Holder’s letter read, in part, that al-Awlaki “was a senior operational leader of al-Qa’ida in the Arabian Peninsula (AQAP), the most dangerous regional affiliate of al-Qa’ida and a group that has committed numerous terrorist attacks overseas and attempted multiple times to conduct terrorist attacks against the U.S. homeland.
“And al-Aulaqi was not just a senior leader of AQAP – he was the group’s chief of external operations, intimately involved in detailed planning and putting in place plots against U.S. persons. In this role, al-Aulaqi repeatedly made clear his intent to attack U.S. persons and his hope that these attacks would take American lives. For example, in a message to Muslims living in the United States, he noted that he had come ‘to the conclusion that jihad against America is binding upon myself just as it is binding upon every other able Muslim.’
“But it was not al-Aulaqi’s words that led the United States to act against him: they only served to demonstrate his intentions and state of mind,” Holder wrote. “Rather, it was al-Aulaqi’s actions and, in particular, his direct personal involvement in the continued planning and execution of terrorist attacks against the U.S. homeland – that made him a lawful target and led the United States to take action.
“For example, when Umar Farouk Abdulmutallab – the individual who attempted to blow up an airplane bound for Detroit on Christmas Day 2009 – went to Yemen in 2009, al-Aulaqi arranged an introduction via text message. Abdulmutallab told U.S. officials that he stayed at al-Aulaqi’s house for three days, and then spent two weeks at an AQAP training camp.
“Al-Aulaqi planned a suicide operation for Abdulmutallab, helped Abdulmutallab draft a statement for a martyrdom video to be shown after the attack, and directed him to take down a U.S. airliner. Al-Aulaqi’s last instructions were to blow up the airplane when it was over American soil.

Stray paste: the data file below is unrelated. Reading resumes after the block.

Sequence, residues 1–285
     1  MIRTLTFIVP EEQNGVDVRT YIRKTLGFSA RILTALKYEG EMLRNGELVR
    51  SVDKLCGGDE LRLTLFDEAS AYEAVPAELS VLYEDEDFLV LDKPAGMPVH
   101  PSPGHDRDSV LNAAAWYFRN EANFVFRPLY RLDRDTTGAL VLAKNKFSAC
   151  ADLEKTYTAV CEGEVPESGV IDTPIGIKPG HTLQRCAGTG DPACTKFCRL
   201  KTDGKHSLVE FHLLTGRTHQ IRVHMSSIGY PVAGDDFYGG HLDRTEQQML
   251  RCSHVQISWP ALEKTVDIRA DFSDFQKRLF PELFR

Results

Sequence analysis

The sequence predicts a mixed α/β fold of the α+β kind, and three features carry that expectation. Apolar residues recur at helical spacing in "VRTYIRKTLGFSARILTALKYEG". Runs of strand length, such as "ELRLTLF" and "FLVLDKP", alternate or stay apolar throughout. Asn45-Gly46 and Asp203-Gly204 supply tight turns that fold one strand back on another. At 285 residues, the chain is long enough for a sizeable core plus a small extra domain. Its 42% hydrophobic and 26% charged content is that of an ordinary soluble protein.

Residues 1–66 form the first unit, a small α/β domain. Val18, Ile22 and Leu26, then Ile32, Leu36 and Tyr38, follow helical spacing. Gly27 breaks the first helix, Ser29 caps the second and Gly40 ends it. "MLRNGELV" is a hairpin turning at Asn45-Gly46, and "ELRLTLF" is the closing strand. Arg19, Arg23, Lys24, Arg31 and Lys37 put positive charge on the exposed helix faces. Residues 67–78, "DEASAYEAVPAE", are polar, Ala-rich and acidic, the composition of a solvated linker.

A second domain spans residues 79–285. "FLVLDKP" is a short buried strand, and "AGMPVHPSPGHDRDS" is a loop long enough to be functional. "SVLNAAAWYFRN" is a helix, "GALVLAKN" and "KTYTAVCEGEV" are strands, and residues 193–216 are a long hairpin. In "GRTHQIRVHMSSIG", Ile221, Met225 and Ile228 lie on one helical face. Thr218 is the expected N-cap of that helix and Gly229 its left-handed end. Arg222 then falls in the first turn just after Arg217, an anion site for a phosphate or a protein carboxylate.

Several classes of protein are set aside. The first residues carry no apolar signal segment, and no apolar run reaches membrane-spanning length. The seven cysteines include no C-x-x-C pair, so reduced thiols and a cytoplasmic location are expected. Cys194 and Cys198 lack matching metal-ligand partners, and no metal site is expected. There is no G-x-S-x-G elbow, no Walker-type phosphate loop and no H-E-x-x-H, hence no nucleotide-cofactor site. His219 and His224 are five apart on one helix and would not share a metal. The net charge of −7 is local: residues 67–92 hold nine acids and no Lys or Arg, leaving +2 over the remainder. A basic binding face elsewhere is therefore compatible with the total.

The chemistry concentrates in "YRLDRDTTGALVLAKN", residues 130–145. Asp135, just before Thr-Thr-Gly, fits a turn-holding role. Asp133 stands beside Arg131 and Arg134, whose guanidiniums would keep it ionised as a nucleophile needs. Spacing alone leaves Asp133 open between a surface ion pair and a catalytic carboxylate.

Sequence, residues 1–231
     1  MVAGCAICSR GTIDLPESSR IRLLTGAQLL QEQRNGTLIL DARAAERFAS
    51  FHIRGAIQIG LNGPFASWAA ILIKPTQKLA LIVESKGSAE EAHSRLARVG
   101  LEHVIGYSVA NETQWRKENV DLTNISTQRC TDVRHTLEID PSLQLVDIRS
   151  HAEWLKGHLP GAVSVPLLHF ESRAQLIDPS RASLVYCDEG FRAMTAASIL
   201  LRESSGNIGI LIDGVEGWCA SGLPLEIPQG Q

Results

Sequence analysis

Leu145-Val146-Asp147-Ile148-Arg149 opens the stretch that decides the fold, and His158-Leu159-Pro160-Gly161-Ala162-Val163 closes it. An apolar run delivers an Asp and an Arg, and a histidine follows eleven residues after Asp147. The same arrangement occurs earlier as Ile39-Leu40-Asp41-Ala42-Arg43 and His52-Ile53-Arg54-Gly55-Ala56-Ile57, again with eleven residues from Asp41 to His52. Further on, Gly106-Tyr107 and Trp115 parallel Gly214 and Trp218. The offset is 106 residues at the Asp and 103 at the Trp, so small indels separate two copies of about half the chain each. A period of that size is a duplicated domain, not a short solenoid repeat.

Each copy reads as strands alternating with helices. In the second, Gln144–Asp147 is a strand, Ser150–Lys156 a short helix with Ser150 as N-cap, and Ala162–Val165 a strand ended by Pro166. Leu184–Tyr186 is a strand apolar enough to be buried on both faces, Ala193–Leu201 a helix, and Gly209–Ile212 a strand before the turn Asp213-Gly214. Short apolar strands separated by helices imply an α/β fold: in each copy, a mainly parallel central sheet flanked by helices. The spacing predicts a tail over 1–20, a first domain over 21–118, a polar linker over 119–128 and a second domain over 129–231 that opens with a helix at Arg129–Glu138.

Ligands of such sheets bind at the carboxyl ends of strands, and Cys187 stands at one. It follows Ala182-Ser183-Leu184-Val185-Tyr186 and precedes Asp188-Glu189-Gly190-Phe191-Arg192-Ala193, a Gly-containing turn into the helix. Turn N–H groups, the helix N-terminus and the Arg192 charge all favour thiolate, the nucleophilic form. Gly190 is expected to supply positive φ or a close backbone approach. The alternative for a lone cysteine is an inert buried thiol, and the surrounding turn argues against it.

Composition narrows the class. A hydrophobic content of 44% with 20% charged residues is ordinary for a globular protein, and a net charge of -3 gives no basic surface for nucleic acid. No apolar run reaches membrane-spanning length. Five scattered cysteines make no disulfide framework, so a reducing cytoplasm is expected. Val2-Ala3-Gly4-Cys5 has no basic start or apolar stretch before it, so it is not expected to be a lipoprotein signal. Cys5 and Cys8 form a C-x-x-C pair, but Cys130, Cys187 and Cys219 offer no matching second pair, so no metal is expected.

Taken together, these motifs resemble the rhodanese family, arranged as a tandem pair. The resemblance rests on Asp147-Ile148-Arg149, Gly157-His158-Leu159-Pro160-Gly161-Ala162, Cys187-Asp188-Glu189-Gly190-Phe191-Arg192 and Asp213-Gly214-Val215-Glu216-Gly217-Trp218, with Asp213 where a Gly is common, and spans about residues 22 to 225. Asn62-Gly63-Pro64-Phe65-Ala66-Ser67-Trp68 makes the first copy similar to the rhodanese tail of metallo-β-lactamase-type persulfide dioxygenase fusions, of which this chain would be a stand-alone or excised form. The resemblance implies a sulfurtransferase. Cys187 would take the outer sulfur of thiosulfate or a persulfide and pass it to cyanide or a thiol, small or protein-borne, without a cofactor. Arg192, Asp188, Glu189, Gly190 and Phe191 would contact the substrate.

“Al-Aulaqi also played a key role in the October 2010 plot to detonate explosive devices on two U.S.-bound cargo planes: he not only helped plan and oversee the plot, but was also directly involved in the details of its execution – to the point that he took part in the development and testing of the explosive devices that were placed on the planes.
“Moreover, information that remains classified to protect sensitive sources and methods evidences al-Aulaqi’s involvement in the planning of numerous other plots against U.S. and Western interests and makes clear he was continuing to plot attacks when he was killed. Based on this information, high-level U.S. government officials appropriately concluded that al-Aulaqi posed a continuing and imminent threat of violent attack against the United States.”
Holder added: “Before carrying out the operation that killed al-Aulaqi, senior officials also determined, based on a careful evaluation of the circumstances at the time, that it was not feasible to capture al-Aulaqi. While a substantial amount of information indicated that Anwar al-Aulaqi was a senior AQAP leader actively plotting to kill Americans, the decision that he was a lawful target was not taken lightly.”